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Thursday, November 6, 2014

Laboe, Germany – home to the lone surviving U-Boat 995 Type VII




While in Kiel, Germany, I am always looking for historical places to visit. I already talked of the Bunker D in my previous post that stands in the premises of University of Applied Sciences, Kiel. While going through the tourist attraction in Kiel on the Trip Advisor’s app on my mobile phone, I came to know of the Navy Memorial at Laboe in the outskirts of Kiel where a German U-Boat 995 type VII is docked near the museum. So I decided to visit the place.

 The welcome sign to Laboe - that reads: Laboe harbour is more than just sea
 Laboe beach in a heavily overcast sky

On one rather windy and cloudy day, we boarded the bus 100 which goes to Laboe – another harbor that opens in the Baltic Sea. The bus soon left the Kiel city limits and entered into vast tracts of green patches leading to Laboe as can be seen in some of the photos shared in this post that I too from the moving bus.

Beautiful Laboe landscape

When we reached Laboe, we thought there would be some guide map at the bus stop to lead us to the Naval Memorial and the museum and the U-Boat. But to our dismay there was none.  It took us some time to find locals there to finally know the location of the museum, which was some two kilometers from the bus stop. So we started walking towards our right along the beach, enjoying the beach on our left and beautiful houses on our right. There were a few shops selling souvenirs and I bought a replica of the U-boat while my wife shopped for some ‘civilian’ decoration pieces.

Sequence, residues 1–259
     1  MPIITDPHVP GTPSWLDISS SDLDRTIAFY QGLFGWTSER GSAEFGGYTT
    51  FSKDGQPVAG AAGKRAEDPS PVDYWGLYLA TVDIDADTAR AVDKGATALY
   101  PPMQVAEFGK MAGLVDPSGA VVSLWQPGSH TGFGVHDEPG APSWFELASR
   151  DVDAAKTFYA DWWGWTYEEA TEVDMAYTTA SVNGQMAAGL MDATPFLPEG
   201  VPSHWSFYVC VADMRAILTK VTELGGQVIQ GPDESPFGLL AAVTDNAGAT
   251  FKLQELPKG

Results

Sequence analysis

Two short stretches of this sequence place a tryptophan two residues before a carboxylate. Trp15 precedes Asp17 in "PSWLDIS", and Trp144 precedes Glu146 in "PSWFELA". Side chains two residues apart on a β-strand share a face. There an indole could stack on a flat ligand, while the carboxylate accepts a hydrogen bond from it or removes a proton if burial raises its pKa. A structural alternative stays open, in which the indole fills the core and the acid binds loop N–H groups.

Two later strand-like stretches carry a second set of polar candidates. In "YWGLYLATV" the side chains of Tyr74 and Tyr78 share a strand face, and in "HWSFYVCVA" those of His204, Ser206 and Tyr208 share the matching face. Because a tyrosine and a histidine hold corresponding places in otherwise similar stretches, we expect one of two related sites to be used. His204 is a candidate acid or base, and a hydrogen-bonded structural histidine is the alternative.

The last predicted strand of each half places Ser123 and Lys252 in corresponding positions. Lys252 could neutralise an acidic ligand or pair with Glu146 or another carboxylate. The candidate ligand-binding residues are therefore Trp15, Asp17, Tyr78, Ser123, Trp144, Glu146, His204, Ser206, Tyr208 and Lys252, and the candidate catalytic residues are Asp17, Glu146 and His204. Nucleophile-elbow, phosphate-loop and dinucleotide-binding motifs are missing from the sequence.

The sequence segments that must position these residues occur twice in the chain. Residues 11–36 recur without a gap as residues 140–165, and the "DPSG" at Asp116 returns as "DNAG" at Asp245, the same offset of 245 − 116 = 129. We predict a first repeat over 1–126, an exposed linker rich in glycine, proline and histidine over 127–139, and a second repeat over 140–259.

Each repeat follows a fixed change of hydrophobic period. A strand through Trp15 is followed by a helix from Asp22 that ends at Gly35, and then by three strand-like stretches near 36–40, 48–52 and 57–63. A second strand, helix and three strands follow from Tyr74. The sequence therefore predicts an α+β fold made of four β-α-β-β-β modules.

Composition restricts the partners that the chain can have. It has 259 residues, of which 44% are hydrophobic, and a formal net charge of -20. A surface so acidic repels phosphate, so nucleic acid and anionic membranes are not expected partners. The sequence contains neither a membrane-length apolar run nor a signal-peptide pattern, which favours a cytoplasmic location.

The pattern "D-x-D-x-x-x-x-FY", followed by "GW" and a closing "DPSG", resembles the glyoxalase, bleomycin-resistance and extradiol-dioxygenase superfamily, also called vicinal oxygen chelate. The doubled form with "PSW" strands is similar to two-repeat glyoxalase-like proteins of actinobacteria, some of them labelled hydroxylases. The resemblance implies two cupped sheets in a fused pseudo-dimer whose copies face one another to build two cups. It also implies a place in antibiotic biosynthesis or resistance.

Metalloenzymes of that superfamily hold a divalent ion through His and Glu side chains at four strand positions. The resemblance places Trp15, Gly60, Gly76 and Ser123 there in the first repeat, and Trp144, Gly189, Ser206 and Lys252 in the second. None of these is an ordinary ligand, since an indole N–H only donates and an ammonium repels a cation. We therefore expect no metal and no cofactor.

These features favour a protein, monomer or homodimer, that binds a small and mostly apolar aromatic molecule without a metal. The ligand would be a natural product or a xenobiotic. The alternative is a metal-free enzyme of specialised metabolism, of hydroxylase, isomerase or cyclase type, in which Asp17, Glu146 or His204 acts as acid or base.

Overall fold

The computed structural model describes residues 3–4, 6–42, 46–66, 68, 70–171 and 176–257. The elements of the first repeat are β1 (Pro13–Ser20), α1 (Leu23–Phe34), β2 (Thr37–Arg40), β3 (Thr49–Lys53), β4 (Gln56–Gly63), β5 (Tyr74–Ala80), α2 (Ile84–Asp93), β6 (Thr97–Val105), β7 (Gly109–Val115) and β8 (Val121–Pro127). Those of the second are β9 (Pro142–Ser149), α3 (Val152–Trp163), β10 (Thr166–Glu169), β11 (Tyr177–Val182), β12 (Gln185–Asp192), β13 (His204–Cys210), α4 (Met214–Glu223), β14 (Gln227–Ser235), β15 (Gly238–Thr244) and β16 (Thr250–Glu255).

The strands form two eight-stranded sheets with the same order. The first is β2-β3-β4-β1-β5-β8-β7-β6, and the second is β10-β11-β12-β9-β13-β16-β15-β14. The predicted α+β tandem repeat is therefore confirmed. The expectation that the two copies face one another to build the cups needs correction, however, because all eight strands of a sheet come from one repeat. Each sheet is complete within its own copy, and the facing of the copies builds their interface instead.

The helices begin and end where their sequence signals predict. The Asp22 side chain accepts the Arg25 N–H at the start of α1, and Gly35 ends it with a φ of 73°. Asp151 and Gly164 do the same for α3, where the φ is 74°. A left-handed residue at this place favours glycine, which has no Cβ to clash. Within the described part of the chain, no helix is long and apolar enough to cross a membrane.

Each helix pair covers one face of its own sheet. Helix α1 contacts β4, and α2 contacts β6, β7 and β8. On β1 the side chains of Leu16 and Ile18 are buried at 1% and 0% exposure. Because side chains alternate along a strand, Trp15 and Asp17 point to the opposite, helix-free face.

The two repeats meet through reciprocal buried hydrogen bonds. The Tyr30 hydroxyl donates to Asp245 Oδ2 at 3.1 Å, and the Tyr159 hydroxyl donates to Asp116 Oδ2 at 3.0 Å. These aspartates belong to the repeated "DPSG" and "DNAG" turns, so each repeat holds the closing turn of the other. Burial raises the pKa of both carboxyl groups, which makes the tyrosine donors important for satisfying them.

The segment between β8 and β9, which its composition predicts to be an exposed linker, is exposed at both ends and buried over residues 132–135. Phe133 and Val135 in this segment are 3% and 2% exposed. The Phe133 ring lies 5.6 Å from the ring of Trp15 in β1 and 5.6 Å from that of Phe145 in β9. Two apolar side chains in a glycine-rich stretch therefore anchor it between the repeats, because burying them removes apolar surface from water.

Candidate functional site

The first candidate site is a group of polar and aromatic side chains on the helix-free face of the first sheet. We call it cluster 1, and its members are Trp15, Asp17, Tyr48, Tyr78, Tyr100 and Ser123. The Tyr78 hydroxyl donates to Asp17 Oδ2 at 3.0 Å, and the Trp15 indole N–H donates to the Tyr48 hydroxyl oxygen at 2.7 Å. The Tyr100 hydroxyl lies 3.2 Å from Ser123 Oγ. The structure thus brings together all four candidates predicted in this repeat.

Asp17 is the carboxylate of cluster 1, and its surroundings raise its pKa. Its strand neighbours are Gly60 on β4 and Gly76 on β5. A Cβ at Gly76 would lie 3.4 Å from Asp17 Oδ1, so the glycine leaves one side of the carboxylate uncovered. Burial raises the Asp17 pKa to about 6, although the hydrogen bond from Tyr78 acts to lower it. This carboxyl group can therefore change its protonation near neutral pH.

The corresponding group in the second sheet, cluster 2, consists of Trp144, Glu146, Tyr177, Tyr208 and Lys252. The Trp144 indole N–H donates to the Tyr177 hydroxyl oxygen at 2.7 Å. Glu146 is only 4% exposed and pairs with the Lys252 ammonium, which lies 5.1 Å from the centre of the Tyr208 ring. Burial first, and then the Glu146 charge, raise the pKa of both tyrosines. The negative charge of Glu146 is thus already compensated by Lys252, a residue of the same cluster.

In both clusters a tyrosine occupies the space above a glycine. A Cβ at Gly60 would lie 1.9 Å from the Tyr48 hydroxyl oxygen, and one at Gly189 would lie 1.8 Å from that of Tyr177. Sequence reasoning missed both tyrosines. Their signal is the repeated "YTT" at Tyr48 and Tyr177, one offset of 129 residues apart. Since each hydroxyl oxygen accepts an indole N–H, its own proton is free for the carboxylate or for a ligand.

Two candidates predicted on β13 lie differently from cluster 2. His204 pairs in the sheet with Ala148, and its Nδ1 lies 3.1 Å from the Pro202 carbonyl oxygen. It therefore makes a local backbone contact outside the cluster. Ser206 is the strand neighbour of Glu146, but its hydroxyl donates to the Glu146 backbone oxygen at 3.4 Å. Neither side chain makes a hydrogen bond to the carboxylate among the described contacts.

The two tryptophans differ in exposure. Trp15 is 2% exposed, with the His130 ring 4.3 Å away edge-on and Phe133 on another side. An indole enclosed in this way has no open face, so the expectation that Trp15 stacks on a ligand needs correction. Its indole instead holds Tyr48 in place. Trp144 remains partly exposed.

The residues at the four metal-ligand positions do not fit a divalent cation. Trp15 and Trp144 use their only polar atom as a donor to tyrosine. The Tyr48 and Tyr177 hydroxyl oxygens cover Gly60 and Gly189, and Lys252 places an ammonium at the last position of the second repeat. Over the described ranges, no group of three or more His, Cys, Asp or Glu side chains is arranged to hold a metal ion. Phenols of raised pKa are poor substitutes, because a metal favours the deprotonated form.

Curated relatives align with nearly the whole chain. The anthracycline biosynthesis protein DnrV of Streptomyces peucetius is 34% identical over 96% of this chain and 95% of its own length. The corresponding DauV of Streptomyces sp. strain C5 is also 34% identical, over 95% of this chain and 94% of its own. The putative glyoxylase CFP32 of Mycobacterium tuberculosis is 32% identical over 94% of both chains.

We continued walking till I caught the glimpse of the boat in some distance. But by that time my wife was tired and decided to rest while I pushed on the Naval Museum and the U-Boat.  There was yet another surprise waiting as the museum had closed and so was the boat. So I could not enter the boat and the museum, but had a chance to see the massive boat from outside and got lucky to find a tourist to take a shot of me along with the boat.

 Laboe Naval Memorial, also known as the Laboe Tower - the 72 meters high tower wit an observation deck on top was constructed by 1937 in the memory of German sailors who died during WW I




This particular U-Boat 995 Type VIIC class was commissioned in 1943 and had the honour of sinking three ships, one auxiliary ship, one war ship and one another. At the end of the war, the boat was at the Norwegian port Trondheim and surrendered to the British. It then became part of the Norwegian Navy, called Kaura. It retired from the active service in 1965 and was sold to Germany, and thus became part of the Laboe Naval Memorial in 1971.



 I standing beside the once mighty U-Boat 995 Type VII

We walked back, watching people enjoying the day surfing and para sailing and gliding in the cold Baltic Sea water and while stopping at eateries to buy something to munch, before boarding the bus back to Kiel.
People enjoying para sailing and gliding in Baltic Sea

All photos have been taken by me and are accordingly copy righted